Friday, June 10, 2011

Hecla Island - Grindstone Provincial Park

The weather reports had called for rain all weekend but we packed our gear and headed for the park anyway. It wasn't as warm as earlier in the week but we were prepared for chilly nights and wet weather. We drove past Winnipeg Beach and Gimli where many people were opening their cottages over the long weekend and from there the traffic decreased rapidly.

We were on our way north to Hecla Island. Hecla Island was first settled in the 1800s by Icelandic people. In 1875, the Republic of New Iceland was established by the Canadian government exclusively for those coming from Iceland to build new lives, fishing and farming as they had done in Iceland. But there were differences the newcomers had to face. Canadians wanted fresh fish, not the smoked fish that was popular in Iceland so ice houses had to be built. Instead of fishing on an ocean that didn't freeze, the people had to learn how to hack through the thick ice that formed on Lake Winnipeg and in the short summers, grow enough food to feed their families. Many of the original settlers were persuaded to leave by the clergy who served the community. They were convinced the settlement would fail and led all but eight of the original families to what is now Icelandic State Park in North Dakota. But other hardy Icelanders arrived and the community survived. 

Hecla Village
View of Hecla village from the shoreline. Rugged terrain, harsh winters and isolation were some of the challenges early settlers faced.
Pier at Hecla Village
Hecla village pier - still a very cold wind off the water but beautiful and if you are hardy, patient, and dressed warmly, the fishing is very rewarding!

Hecla Fish Station
One of the original fish stations, this one is now a museum that houses some of the artifacts used by the island's intrepid inhabitants.
The islanders were self-sufficient and bartered for what they did not produce on their own homesteads. A general store carried items like coffee, tea, sugar, dishes, and fabric. The church played an integral role in community life and continues to have services today. A school was built in 1922 but closed in 1966 under a school consolidation program. At this point, many families with school age children left the island. 
Hecla Harbor
Early evening at the Hecla pier.
Hecla was completely isolated. Riverton was the closest town and there had been no ferry service until 1953. Even then, the trip took four hours through the Grassy Narrows marshlands. In the late 60s, the residents approached the government to have the area declared a Provincial Park. The steady decline in forestry and fishing gave the Islanders little choice if they were to survive. In 1969, the park became a reality. Eventually, a causeway was built in the 1970s and the trip by car was only 40 minutes. Hecla Island life was changed forever.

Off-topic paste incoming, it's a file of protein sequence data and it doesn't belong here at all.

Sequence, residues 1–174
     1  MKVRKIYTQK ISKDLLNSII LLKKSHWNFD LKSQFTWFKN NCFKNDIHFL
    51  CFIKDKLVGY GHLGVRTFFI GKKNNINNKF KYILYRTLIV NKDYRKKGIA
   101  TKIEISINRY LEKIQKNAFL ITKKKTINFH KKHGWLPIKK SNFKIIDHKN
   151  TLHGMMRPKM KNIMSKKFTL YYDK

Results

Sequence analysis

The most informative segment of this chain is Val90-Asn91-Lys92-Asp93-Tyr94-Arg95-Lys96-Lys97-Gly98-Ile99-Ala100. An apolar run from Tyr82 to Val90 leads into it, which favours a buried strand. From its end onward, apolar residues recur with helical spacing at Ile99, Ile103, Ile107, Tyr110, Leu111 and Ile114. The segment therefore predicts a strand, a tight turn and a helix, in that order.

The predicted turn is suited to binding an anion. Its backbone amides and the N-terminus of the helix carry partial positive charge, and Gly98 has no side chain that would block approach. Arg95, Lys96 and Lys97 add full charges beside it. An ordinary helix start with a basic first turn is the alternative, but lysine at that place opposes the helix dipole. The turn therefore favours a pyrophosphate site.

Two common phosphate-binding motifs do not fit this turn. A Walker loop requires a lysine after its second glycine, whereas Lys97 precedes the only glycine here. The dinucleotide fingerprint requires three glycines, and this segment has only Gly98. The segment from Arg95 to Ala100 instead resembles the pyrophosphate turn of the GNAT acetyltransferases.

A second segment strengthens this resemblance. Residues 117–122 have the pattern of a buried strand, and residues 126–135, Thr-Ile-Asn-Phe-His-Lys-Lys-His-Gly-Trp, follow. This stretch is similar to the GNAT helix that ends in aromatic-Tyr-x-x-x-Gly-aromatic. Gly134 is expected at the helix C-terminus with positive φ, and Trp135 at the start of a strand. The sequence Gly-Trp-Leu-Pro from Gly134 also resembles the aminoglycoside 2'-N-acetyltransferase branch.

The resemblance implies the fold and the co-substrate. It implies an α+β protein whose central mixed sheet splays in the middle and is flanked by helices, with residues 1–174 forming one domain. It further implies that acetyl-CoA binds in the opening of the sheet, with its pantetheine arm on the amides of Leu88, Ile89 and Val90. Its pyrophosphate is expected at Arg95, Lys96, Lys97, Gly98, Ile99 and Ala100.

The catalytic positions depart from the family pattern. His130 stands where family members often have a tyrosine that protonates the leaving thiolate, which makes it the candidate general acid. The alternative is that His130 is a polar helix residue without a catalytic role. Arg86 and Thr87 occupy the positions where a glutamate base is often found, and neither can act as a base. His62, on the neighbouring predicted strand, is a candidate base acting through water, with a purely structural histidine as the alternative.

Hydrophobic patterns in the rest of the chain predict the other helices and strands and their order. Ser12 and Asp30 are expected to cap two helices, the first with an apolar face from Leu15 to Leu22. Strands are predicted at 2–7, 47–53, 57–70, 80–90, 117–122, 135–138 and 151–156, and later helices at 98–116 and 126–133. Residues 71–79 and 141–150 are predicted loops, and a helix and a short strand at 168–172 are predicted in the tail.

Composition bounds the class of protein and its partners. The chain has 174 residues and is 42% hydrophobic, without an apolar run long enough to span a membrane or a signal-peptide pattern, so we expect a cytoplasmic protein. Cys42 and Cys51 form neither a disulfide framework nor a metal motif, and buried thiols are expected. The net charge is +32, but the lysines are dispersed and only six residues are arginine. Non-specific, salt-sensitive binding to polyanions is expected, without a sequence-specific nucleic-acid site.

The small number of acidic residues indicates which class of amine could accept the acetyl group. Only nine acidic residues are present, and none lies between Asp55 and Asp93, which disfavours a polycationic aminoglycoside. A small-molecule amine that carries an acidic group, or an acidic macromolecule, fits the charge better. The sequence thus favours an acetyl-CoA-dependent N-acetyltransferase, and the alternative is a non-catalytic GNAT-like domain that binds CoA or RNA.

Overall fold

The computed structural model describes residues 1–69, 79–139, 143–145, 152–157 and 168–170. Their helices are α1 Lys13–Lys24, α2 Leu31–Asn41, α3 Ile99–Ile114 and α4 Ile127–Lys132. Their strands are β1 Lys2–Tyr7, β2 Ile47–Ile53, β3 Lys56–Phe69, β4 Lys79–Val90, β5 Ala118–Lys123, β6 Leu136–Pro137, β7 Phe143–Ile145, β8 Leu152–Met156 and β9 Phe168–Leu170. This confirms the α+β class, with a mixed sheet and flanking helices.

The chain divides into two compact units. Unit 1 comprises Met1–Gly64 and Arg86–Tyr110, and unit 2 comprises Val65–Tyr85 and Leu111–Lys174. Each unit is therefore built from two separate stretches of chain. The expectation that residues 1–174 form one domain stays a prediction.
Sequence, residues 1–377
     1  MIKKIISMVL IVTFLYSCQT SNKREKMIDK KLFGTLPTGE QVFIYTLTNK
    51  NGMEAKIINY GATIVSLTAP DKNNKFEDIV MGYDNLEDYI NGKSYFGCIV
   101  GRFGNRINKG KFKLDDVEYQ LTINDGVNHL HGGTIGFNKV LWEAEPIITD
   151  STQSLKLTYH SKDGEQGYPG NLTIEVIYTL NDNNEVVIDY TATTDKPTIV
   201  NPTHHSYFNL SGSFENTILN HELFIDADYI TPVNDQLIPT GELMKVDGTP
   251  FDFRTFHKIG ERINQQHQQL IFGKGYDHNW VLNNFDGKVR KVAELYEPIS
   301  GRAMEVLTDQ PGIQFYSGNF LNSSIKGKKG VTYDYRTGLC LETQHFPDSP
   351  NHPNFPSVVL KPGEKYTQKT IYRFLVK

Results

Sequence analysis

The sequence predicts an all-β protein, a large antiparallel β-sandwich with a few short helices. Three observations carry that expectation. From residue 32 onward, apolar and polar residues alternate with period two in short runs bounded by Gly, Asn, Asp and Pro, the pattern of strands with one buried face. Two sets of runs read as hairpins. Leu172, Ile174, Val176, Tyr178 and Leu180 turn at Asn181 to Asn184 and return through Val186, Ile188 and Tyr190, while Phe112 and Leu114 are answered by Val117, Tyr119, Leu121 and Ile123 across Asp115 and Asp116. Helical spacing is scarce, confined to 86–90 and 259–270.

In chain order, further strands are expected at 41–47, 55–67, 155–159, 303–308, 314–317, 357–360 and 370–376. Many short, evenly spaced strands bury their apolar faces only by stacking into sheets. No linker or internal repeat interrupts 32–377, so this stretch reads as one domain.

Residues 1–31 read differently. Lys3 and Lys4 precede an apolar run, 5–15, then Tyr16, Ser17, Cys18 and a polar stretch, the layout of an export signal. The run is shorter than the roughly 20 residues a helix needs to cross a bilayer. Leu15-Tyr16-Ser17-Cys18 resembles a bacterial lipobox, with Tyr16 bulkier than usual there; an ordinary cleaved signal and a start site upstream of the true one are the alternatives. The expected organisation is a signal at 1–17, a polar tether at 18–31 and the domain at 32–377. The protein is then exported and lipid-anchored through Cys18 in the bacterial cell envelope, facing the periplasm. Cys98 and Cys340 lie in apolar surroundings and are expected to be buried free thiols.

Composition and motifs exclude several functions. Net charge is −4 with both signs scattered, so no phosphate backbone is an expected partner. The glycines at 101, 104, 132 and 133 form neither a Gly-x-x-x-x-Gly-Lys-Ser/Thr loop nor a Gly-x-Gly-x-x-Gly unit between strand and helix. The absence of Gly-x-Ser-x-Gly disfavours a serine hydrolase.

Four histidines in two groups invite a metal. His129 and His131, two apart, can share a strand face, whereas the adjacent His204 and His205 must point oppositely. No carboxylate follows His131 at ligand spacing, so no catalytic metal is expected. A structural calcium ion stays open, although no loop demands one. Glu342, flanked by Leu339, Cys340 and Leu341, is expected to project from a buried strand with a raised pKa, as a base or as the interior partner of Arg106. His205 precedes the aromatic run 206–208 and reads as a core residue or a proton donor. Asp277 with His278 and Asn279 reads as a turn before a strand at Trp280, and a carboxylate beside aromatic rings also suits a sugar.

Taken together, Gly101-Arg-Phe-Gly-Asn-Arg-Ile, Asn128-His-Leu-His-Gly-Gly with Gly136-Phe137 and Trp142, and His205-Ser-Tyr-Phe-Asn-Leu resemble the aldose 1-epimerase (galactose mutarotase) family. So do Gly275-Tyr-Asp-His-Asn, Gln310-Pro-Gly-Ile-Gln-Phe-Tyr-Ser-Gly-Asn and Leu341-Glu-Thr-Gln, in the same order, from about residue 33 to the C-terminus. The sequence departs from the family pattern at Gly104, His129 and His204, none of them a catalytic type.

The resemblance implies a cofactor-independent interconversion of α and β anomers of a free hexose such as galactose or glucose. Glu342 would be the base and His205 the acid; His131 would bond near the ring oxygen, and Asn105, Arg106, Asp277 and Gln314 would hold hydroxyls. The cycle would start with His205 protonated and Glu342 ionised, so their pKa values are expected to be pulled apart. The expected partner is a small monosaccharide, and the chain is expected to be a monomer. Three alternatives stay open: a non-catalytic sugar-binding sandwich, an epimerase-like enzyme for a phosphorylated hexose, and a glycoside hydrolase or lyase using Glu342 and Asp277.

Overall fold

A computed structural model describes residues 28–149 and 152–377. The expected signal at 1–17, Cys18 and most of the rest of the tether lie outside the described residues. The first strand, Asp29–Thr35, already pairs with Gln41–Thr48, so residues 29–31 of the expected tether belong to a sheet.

Hecla Ferry Dock
Remnants of the Hecla Ferry dock - it was discontinued after a causeway was built in the '70s. From the time of the first settlement in the 1800s, the community on Hecla Island was completely isolated with no electricity or other modern convenience until more than half the 20th century had passed.
Ferries Past

Another piece of the past from the Hecla Island Ferry that made the trip though what is now Grassy Narrows Provincial Park. The ferry ran from the early '50s until the causeway was completed in the '70s.
Grassy Narrows Passage
Narrow inlets weave their way through this vast bird sanctuary.
Grassy Narrows
Finding the way by boat through this area of wetlands must have been challenging. It took 4 hours by ferry to do what is now done in 40 minutes by car. In the summer, the mosquitoes must have been frequent companions on the ferry!
Today, the island industry is tourism. The marshland is a protected santuary for birds and offers a wonderful opportunity for photographers. Fishing spots are abundant and many are equipped with cleaning stations. Foxes dart in and out of the forest and black bears are active in the campgrounds when given the opportunity.
Pelicans are the most patient fisherman of all!
This fox stopped for a moment to watch me take the photo before he disappeared back into the forest.
In spite of all the changes, Hecla Island remains the same. Its inhabitants live in harmony with nature and it's not unusual to see a fox being hand-fed by one of the islanders. It is wild, windswept, and not just a little enchanted. 


  1. Your post about Hecla was remarkably evocative. My dad grew up on the island and is laid to rest in the cemetery.
    Lovely writing. Thank you.

    1. Thank you, emeraldeyes. It holds a special place in my heart, too. What a beautiful place to grow up! Your dad was very fortunate.